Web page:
Beekeeping can be a fascinating hobby, a profitable sideline, or a full-time occupation. The industry in Mississippi is composed of beekeepers that manage their colonies for honey production, as well as producing queens and package bees.
Several large commercial, migratory beekeepers in the Midwest also winter several thousand colonies in Mississippi. There are between 20 and 30 thousand colonies in the state during the summer and 80-120 thousand during the winter. Mississippi has 12 full-time commercial beekeepers, 30-40 part-time honey producers and 800 hobbyists. Mississippi ranks 28th in the nation in honey production and produces about 2.25 million pounds of honey each year.
The 1996 value of honey production in Mississippi was $1,156,000. Net annual income of Mississippi beekeepers from honey and beeswax production, sale of packaged bees and queens, and pollination fees is estimated to be between $2.1 and $3.1 million. Honey bees contribute a value to pollination of fruits, berries, vegetables, sunflowers, cotton, soybeans, peanuts, and wild plants in Mississippi exceeding $200 million annually (Mississippi Department of Agriculture and Commerce).
Pssst…You know you don’t have to be a beekeeper to help support honey bees, right?
A variety of high-quality, nectar plants that bloom in your yard throughout the year can attract an abundance of bees and other pollinators like butterflies and moths. Winter is a great time to plan for the addition of more pollinator plants to your landscape this spring or to grow an entire pollinator garden this spring. These are the elements you need if you want to bring more bees to your yard.
STONEVILLE, Miss. -- Delta Agricultural Weather Center stations typically record historical weather data and help growers make production decisions, but now they are also key components of a new honeybee study at Mississippi State University.
Esmaeil Amiri, an assistant professor of apiculture with the MSU Extension Service and researcher with the Mississippi Agricultural and Forestry Experiment Station, is using the facilities and datasets provided by the weather center for his research team’s study on the effect of weather on honeybee health.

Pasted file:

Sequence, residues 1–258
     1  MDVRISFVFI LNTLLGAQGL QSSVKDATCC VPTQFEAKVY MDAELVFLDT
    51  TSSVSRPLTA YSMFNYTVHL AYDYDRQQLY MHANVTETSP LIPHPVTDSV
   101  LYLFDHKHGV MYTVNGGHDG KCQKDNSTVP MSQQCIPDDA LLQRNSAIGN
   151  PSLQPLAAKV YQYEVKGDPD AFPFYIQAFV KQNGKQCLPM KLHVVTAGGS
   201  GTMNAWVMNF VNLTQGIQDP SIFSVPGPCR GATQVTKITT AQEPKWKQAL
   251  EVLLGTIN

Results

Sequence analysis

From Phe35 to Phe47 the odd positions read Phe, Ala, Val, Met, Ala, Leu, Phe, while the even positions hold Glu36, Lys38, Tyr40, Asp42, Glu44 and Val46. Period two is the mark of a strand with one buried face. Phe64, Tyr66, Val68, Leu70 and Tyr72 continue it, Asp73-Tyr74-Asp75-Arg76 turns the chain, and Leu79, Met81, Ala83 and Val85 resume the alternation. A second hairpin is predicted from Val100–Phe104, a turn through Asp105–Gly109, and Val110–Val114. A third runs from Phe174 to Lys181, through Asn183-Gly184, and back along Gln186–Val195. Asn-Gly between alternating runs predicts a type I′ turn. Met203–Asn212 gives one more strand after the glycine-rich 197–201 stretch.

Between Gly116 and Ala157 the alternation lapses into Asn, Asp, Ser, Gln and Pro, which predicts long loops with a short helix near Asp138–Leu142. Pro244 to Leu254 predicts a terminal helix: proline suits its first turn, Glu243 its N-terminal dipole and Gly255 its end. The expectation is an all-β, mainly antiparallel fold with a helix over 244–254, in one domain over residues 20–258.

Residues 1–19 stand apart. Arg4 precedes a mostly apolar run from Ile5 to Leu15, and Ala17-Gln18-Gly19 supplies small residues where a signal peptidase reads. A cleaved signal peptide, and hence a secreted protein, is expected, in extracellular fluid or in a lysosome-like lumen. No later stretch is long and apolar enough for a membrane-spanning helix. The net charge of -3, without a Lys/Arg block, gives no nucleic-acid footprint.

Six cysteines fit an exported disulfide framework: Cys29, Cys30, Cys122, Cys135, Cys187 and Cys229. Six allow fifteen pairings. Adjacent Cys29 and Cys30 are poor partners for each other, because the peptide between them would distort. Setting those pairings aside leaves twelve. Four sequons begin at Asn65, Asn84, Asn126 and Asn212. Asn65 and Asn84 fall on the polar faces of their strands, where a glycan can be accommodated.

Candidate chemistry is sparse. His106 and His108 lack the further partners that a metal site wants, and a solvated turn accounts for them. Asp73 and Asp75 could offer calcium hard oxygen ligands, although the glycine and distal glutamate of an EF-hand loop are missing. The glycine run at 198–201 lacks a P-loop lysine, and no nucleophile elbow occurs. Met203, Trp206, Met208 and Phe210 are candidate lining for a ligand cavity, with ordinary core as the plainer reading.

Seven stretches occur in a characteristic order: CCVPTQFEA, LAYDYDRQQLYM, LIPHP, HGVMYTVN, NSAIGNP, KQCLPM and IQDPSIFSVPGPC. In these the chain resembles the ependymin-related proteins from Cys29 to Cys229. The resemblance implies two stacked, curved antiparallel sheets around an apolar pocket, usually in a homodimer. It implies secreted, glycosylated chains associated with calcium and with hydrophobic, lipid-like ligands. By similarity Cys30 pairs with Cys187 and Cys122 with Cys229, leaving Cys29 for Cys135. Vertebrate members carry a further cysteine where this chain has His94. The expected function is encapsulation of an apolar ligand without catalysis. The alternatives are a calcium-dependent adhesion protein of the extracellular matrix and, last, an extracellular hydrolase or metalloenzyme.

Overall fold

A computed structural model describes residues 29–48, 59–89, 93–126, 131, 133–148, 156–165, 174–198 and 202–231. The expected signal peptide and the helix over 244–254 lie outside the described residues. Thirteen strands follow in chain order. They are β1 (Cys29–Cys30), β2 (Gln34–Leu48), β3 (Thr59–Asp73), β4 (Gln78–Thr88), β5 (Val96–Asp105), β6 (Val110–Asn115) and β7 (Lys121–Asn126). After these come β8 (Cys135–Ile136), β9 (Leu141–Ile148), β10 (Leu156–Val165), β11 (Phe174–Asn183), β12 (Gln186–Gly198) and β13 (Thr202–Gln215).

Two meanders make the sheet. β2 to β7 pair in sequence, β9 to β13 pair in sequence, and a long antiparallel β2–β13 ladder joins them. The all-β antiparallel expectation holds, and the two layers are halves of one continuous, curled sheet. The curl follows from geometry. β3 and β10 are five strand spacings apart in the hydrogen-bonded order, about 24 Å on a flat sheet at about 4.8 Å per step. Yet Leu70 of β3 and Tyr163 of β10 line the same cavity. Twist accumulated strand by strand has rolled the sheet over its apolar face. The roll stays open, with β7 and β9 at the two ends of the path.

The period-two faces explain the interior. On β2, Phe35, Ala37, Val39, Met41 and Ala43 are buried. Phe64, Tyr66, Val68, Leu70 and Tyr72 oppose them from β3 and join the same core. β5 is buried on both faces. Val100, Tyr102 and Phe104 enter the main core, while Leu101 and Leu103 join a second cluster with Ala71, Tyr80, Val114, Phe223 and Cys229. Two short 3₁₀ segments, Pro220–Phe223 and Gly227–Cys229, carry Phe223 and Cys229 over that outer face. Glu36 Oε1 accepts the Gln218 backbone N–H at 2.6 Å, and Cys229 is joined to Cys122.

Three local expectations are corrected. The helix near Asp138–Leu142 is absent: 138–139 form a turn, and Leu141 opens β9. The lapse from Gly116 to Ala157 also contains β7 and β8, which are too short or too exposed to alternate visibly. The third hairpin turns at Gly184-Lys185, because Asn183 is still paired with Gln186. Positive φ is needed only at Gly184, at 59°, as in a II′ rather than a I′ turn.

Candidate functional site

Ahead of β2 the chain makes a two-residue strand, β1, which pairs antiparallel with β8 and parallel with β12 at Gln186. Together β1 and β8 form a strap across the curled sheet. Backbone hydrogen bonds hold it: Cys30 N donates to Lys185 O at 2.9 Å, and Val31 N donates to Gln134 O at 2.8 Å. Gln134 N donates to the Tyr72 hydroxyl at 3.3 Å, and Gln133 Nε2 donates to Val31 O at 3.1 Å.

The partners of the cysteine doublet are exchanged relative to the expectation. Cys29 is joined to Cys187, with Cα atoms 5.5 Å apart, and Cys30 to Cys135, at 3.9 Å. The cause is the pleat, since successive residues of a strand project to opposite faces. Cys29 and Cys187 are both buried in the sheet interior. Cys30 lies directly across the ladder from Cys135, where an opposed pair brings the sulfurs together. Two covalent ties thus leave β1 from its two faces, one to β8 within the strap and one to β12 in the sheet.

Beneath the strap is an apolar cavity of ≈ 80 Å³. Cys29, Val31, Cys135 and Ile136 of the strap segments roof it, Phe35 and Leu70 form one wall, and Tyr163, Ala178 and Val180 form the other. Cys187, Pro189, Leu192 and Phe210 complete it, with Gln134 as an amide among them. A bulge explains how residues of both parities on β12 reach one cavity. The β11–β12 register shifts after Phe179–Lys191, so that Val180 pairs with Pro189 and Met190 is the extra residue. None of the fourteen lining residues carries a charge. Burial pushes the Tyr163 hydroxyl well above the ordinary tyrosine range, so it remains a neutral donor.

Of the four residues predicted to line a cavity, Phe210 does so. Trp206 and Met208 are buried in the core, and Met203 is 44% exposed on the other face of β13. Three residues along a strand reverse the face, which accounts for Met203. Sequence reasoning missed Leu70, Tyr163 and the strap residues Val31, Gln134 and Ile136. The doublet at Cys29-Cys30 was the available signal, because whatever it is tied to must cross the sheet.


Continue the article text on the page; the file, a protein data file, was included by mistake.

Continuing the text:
RAYMOND, Miss. -- Agricultural producers and industry professionals met with Mississippi State University personnel in the coastal region to discuss research and education priorities at the 2022 Producer Advisory Council meeting. The annual event aims to help clients improve their productivity. Attendees gathered in small commodity groups at each event to share their ideas with agents, researchers and specialists with the MSU Extension Service and the Mississippi Agricultural and Forestry Experiment Station.
Beekeeping classes at Mississippi State University will be held in a new, improved apiary beginning this summer.The 768-square-foot facility, which houses at least 12 beehives, will be used for beekeeping workshops and research. Located at the Clay Lyle Entomology Complex, the apiary is a joint endeavor of the MSU Extension Service and Mississippi Agricultural and Forestry Experiment Station.
Central Mississippi agricultural producers and industry professionals met with Mississippi State University personnel to discuss research and education priorities at the 2022 Producer Advisory Council meeting on Feb. 23 in Raymond. The annual event is aimed at helping clients improve their productivity. Attendees gathered in small commodity groups to share their ideas with agents, researchers and specialists with the MSU Extension Service and the Mississippi Agricultural and Forestry Experiment Station.
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